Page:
The Child Health Country Perspectives Study used a mixed methods approach to understand the effectiveness of leadership, organizational networks, and political commitment on child health progress in Mozambique, Tanzania, and Uganda. The findings are intended to inform investment, policy, and programmatic decisions for each country as well as enhance stakeholder collaboration to improve child health outcomes.
Elevating Country Perspectives on Child Health Progress
In 2015, USAID commissioned a mapping of global child health leadership to understand its evolution since 2000 and document relationships between stakeholders. Findings revealed a loss of momentum, fragmentation, unclear leadership within global child health during the Millennium Development Goal (MDG) era, and a need to prioritize countries in reframing child health to achieve Sustainable Development Goals (SDGs).1 As a follow-on to the global study, the CIRCLE project launched the Child Health Country Perspectives Study in 2018 to complement global findings with perspectives from country stakeholders in three Sub-Saharan African countries: Mozambique, Tanzania, and Uganda.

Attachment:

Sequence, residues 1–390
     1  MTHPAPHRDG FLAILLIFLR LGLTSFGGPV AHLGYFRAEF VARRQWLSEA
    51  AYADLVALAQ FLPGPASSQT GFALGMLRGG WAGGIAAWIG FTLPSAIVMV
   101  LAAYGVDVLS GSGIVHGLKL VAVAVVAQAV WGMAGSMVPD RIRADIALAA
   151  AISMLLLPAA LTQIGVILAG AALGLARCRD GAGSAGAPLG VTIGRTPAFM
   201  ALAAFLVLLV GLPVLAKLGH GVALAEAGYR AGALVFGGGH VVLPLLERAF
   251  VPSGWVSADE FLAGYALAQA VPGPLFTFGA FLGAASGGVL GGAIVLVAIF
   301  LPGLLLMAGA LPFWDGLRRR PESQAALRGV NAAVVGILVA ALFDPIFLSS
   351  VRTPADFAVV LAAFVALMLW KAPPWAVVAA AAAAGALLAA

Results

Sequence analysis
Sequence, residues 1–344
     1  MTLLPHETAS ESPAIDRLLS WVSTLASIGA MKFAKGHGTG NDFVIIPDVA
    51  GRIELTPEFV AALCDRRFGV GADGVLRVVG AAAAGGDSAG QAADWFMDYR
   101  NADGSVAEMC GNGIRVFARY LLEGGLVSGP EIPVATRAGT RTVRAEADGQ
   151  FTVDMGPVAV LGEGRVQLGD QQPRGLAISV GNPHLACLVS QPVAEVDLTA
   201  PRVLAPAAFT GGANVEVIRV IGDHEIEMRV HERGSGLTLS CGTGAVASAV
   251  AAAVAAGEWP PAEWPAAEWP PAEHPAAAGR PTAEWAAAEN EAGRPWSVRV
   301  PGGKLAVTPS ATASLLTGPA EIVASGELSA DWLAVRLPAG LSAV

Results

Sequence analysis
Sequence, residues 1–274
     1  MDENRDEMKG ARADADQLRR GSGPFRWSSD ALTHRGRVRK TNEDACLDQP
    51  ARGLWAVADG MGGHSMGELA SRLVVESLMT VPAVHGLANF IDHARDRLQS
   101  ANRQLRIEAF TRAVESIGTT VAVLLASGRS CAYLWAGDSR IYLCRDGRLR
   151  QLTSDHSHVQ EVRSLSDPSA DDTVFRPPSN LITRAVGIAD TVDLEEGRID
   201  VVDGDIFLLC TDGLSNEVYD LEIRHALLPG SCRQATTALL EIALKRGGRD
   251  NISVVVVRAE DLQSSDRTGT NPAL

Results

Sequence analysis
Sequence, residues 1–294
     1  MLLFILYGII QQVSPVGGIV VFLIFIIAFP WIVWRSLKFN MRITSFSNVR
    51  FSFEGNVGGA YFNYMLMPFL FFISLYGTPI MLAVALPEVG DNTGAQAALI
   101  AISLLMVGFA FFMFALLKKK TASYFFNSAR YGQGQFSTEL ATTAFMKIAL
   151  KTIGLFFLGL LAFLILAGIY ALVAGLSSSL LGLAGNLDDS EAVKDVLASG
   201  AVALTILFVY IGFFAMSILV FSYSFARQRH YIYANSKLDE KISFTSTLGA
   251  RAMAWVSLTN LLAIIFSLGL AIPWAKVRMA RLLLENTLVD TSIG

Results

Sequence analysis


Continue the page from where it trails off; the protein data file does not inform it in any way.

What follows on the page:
The objectives of the Child Health Country Perspectives Study were to:
- Understand how leadership, organizational networks, and political commitment affected child health progress;
- Identify constraints and enablers of national child health progress; and
- Determine how these and other contributors to change might advance child health going forward.
Data were collected through desk review, secondary data analysis and in-country in-depth interviews (IDIs) with child health stakeholders at the national level. An organizational network survey analysis (ONA) was also conducted to assess existing child health networks’ structure and function. The study design also focused on including relevant stakeholders at critical points in the research process to increase the likelihood of buy-in and use of study findings. To this end, stakeholders from all study countries were invited to participate in a review meeting to provide early input on findings and potential recommendations. For more information on the role of stakeholder engagement in the study see the November 2019 blog post.
The study was completed in early 2020 and final reports are now available.
To access the study reports, please click the links below.
- Taylor, M.E., Schumacher, R., Davis, N. 2016. Mapping global leadership in child health. Maternal Child Survival Program. Retrieved from https://www.mcsprogram.org/resource/mapping-global-leadership-child-health/